Do you find modern cars boring and would rather attend a classic car show than one of the many product launches? If you do, last weekend's Concours d'Elegance of America at Meadow Brook showcased some great classic cars. We happened to be in attendance, snapped some photos of a few of the cars, and are bringing you Name That Elegant Car this week.
Did You Name Yesterday's Elegant Car?
Many of you correctly latched upon the crown insignias to deduce that yesterday's mystery car was a 1958 Imperial Crown Limousine -- an unusual collaboration between Chrysler's top division and a famous Italian coachbuilder.
Chrysler had built a small number of Imperial limousines after World War II, but in 1956, it was faced with the expensive task of engineering a new limousine for 1957, or outsourcing the work. Ironically, it was found that contracting the limos' assembly to Ghia in Turin, Italy, would be cheaper than engineering and building them in Detroit.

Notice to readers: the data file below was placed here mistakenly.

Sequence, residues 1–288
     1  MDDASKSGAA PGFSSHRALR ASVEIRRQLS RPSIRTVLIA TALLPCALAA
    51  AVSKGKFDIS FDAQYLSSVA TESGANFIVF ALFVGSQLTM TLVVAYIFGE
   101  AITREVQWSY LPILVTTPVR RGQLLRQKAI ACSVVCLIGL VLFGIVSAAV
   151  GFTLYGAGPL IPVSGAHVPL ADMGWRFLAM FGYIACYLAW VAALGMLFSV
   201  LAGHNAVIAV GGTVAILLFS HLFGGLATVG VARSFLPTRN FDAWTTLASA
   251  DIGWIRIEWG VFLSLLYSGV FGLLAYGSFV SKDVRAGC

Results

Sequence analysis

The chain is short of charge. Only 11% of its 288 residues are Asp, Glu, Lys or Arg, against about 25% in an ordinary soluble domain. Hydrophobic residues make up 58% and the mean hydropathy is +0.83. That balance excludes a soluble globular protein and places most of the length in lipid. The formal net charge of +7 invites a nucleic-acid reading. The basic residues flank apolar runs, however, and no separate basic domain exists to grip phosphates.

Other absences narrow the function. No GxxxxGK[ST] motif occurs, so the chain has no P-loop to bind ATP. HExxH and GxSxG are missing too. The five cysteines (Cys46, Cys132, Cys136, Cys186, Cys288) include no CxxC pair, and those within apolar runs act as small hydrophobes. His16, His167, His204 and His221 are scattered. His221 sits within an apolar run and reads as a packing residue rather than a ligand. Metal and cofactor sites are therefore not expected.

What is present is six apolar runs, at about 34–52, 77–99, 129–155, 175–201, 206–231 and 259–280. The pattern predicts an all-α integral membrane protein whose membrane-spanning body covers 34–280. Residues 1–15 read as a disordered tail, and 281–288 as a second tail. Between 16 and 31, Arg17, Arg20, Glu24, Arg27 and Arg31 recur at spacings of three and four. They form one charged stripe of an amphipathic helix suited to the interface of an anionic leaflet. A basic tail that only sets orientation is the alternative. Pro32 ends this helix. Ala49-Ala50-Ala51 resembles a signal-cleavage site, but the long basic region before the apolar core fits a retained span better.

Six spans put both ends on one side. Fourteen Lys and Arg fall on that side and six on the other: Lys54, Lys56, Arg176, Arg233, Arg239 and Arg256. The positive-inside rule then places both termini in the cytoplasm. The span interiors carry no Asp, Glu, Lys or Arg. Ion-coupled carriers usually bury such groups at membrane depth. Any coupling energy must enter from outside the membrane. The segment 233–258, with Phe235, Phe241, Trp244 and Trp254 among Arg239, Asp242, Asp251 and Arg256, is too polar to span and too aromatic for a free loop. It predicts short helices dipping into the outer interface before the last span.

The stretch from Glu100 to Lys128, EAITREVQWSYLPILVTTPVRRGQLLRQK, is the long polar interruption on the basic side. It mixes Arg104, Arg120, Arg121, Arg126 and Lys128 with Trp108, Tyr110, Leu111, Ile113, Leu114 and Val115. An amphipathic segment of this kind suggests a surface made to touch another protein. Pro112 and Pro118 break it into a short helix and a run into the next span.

Production of the Crown Imperial Limousine by Ghia began in late 1956, when an initial batch of 25 1957 Imperials were shipped off to Italy. These were unusual Imperials even before the conversion -- all were two-door hardtop coupes, devoid of paint, doors, interiors, and window glass. Additionally, they were built atop the convertible's chassis, which utilized an X-frame crossmember. That extra bracing would help when Ghia stretched the car by a whopping 20.5 inches to craft the limo.
Each was chock full of luxurious amenities, including a power rear partition window, separate heating, air conditioning, and audio systems for the passenger cabin. Seating was trimmed in fine broadcloth, while the carpet was crafted from fine wool. The poor chauffeur was relegated to black leather seating and vinyl flooring -- nice, although even the trunk, which was fully upholstered and carpeted, looked snazzier.
Although Ghia took only a month to hand-build the Crown Limousines, it took nearly six months to deliver a finished car to a customer. 36 examples were built in 1957, each running roughly $12,000. For 1958, few changes were made, although the price grew to $15,075, and only 31 examples were built. The relationship would continue through 1965, although a few 1966 models were built for European consumption. In total, roughly 132 Ghia limousines were built.